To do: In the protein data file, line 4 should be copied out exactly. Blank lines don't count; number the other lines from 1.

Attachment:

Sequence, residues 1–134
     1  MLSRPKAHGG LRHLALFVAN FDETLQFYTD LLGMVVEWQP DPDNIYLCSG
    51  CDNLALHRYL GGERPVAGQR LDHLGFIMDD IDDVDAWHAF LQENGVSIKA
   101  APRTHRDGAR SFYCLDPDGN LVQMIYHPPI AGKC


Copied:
   101  APRTHRDGAR SFYCLDPDGN LVQMIYHPPI AGKC